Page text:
Britain takes tough stand against Iraq

October 18, 1990|By Gilbert A. Lewthwaite | Gilbert A. Lewthwaite,London Bureau of The Sun

LONDON -- With Britain's military presence in the Persian Gulf still increasing daily, Prime Minister Margaret Thatcher is presenting the toughest policy toward Iraqi President Saddam Hussein of any of the U.S. allies in the showdown with Iraq.

Amid fears that the multinational anti-Iraq coalition might be fraying, there is not the slightest sign here of any wavering in the determination to face down Mr. Hussein.

The only alternatives still seen as available in London are his humiliation by withdrawal or his military defeat. Far from interest in compromise, there is acute unease over what one official termed "invidious attempts" at reaching a negotiated settlement.

"I think there is distress over any attempt to find some kind of negotiated solution. I don't think that is welcome at all. The solution is for Saddam Hussein to get out of Kuwait," said a Thatcher confidant yesterday as the 11,000 troops accompanying the 7th Armored Brigade continued to arrive in Saudi Arabia.

The official said that any negotiations on regional security in the gulf after Iraq's withdrawal should be undertaken "without prejudice to [trials for war] crimes and compensation" for Kuwait and other nations that have suffered because of Iraq's Aug. 2 invasion.

Mrs. Thatcher was talking about Nuremberg-style trials for Mr. Hussein and his top officers long before President Bush took up the idea. She again said in the House of Commons this week that the "brutal acts conducted daily by Saddam Hussein in Kuwait make it clear we really must deal with this man. He must be made answerable for these terrible crimes."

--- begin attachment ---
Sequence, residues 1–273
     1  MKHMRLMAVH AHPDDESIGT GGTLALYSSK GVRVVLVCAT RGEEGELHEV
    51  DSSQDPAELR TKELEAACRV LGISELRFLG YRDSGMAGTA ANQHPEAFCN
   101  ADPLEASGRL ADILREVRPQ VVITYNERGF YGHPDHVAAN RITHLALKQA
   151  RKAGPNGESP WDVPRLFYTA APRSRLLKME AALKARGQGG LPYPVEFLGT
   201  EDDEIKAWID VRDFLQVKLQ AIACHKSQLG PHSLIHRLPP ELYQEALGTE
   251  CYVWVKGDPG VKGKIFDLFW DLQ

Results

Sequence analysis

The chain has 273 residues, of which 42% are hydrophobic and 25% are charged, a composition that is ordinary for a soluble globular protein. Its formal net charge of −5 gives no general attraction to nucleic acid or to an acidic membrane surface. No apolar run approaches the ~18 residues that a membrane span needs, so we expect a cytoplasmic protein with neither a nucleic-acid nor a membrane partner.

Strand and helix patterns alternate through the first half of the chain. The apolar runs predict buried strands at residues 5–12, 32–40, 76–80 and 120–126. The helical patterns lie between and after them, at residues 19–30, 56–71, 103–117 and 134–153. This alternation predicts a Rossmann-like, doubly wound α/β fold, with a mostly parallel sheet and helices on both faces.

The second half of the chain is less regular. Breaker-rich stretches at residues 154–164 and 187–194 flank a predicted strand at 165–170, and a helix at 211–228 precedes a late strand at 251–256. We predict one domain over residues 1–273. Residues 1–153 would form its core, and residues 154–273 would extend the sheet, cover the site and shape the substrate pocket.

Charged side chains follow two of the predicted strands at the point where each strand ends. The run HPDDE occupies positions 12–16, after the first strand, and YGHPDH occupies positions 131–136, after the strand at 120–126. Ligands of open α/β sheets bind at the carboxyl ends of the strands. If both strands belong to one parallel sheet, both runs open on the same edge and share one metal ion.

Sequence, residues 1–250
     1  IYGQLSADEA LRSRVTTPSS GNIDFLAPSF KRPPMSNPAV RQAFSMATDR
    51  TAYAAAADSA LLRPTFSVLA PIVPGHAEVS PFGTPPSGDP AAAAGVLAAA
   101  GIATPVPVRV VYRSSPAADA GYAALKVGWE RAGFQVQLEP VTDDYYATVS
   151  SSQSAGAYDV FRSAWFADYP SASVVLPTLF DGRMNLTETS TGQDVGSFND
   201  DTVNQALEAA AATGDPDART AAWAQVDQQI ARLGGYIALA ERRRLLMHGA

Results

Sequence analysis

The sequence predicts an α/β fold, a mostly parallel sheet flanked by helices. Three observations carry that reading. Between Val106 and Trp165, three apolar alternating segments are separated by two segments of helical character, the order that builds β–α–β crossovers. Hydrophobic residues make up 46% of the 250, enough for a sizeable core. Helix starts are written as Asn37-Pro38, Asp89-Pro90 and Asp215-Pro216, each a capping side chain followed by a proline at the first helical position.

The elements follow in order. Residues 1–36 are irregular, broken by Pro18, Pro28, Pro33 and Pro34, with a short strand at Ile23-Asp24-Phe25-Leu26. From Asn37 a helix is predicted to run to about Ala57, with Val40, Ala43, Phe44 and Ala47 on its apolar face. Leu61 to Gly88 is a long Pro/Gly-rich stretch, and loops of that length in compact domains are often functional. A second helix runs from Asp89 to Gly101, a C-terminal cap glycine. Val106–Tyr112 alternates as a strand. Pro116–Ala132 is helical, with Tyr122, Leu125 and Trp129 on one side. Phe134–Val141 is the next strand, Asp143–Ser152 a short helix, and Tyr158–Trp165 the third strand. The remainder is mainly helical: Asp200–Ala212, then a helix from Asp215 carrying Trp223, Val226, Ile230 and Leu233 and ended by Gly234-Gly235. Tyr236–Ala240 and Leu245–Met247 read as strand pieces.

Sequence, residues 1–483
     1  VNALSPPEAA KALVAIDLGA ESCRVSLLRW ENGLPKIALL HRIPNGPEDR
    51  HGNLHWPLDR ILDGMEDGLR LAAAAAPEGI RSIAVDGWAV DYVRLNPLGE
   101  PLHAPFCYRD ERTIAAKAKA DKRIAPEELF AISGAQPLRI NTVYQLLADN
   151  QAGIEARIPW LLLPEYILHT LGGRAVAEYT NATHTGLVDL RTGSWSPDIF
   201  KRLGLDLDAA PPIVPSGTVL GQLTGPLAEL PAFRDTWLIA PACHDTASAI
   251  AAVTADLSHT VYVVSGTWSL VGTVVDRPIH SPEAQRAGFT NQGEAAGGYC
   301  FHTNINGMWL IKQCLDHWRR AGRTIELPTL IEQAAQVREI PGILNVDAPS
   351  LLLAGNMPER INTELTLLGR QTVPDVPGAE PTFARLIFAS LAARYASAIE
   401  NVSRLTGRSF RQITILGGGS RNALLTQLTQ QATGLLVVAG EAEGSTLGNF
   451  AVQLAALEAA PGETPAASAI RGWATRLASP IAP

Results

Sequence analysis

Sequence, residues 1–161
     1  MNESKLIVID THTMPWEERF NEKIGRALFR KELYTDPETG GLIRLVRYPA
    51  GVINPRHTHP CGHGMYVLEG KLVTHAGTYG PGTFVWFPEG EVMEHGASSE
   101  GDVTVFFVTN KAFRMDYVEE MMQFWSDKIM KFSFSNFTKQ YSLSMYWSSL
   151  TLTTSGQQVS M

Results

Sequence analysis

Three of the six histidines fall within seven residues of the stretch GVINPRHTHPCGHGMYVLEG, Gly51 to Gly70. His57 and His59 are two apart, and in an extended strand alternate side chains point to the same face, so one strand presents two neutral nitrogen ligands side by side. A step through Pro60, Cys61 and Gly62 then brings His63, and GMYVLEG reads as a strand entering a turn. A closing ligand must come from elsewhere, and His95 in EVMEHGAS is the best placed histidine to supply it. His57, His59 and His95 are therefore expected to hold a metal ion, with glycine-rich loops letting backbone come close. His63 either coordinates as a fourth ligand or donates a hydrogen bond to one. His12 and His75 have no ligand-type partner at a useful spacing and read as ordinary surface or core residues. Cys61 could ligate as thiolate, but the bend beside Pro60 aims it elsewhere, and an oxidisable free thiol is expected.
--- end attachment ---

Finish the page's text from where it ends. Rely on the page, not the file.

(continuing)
The British have been so tough that the Bush administration is trying to tone down a British resolution calling for war-damage reparations from Iraq to Kuwait to be presented to the United Nations.

Washington fears that Britain's uncompromising language would leave Israel open to demands for compensation for its occupation of Arab territory.

British officials make it clear that they remain totally committed to the U.N. resolutions calling for Mr. Hussein's complete withdrawal from Kuwait and the restoration of the former government.

They reject the idea of a partial withdrawal, which could leave Iraq with the gulf island of Bubiyan and the whole Rumailah oil field.

"The reality for Saddam Hussein is to get out of Kuwait, Kuwait as it was, not as he now proposes it should be," said a senior official.

"There is no compromise on U.N. resolutions. What we are concerned about is that there should be any suggestion that there is any settlement available which involves anything less than total fulfillment of the U.N. resolutions."

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